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Community pride begins with cleaning up after ourselves

Community pride begins with cleaning up after ourselves

Earth Day came and went Tuesday, and thanks to the efforts of some 30-40 community and corporate vol

Earth Day came and went Tuesday, and thanks to the efforts of some 30-40 community and corporate volunteers, Schenectady’s Jerry Burrell Park has a new lease on life. Now if only it would last.

As Wednesday’s Gazette story detailed, the volunteers raked, swept, scrubbed graffiti and bagged a winter’s worth of detritus, leaving the park habitable once again by the families for which it is intended. Smaller-scale efforts of this type occur fairly regularly at the park, thanks to the Hamilton Hill Neighborhood Association, but obviously not regularly enough given the scope of the problem.

And Burrell is hardly the only park in Schenectady, or Hamilton Hill the only neighborhood, that looks like a pigsty more often than not. Schenectady has a litter problem that is threatening the quality of life in its neighborhoods. If all people see when they look around is fast-food containers, scratch-off lottery tickets, empty cigarette packs and butts, it’s difficult to take pride in where they live and to behave accordingly.

Litter provides a slippery slope that encourages people to stop caring — about whether their lawn is mowed, the paint on their house is peeling, their sidewalk is crumbling, etc. And when they break a small law and get away with it (as is often the case in Schenectady, where police tend to focus on only the most serious offenses), it encourages them to break larger ones.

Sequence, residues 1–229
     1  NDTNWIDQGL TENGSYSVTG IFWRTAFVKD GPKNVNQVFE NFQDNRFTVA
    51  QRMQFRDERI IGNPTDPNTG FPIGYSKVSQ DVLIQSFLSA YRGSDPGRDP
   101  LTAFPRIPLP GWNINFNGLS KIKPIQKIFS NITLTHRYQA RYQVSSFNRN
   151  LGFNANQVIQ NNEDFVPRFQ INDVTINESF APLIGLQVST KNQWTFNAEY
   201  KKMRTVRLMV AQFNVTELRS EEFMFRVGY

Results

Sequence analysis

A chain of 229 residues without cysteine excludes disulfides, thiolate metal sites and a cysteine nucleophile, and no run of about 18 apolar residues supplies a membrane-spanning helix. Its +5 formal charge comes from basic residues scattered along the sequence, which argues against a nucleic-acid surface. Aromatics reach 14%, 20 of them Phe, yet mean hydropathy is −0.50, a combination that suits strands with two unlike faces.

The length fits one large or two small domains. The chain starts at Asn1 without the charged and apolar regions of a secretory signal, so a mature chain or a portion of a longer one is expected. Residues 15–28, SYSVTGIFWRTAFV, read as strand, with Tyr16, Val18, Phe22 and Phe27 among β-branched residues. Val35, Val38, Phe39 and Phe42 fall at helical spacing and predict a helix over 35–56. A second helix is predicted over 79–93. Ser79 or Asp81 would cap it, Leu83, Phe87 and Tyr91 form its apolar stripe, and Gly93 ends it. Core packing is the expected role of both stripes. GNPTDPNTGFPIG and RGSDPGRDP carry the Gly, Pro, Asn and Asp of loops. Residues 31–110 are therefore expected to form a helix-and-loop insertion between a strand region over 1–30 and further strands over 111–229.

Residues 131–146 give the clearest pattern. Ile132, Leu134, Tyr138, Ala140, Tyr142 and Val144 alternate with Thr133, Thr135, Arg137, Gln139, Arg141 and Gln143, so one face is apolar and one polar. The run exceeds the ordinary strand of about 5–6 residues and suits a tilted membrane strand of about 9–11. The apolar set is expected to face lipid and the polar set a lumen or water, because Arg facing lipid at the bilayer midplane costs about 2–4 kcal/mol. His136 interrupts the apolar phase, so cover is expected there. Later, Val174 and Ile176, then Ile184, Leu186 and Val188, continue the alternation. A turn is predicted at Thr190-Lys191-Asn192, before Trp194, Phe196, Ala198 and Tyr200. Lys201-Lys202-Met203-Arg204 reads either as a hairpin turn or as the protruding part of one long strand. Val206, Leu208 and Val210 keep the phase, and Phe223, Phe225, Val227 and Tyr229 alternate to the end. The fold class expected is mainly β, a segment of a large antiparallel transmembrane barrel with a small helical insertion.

That the city has done a good job spiffing up its downtown is undeniable, but the neighborhoods need work, too. Why aren’t there at least a few more garbage cans around them (as downtown has), giving people with litter a place to dump it? Why aren’t police — or somebody, anybody — paying more attention to quality-of-life issues, like litter, in the neighborhoods?

If parents won’t teach their kids about things like littering, schools must. Then the kids can turn around and enlighten their parents — as has been the case, to some extent, with smoking.

Cultural changes don’t occur overnight, unfortunately, and until one takes place, regular cleanups are going to be necessary. The city obviously doesn’t have the means to clean up after litterbugs, so volunteers will have to step up. Churches, civic groups, neighborhood associations, politicians, fraternal organizations, Scouts, Little Leaguers, businesses: All should pitch in and coordinate their efforts if they want to reverse this ugly tide and improve the city’s looks. And the effort can’t be just once or twice a year, but continual.

The more people get involved, the cleaner things will start to look. And that will put pressure on the slobs to clean up their acts.

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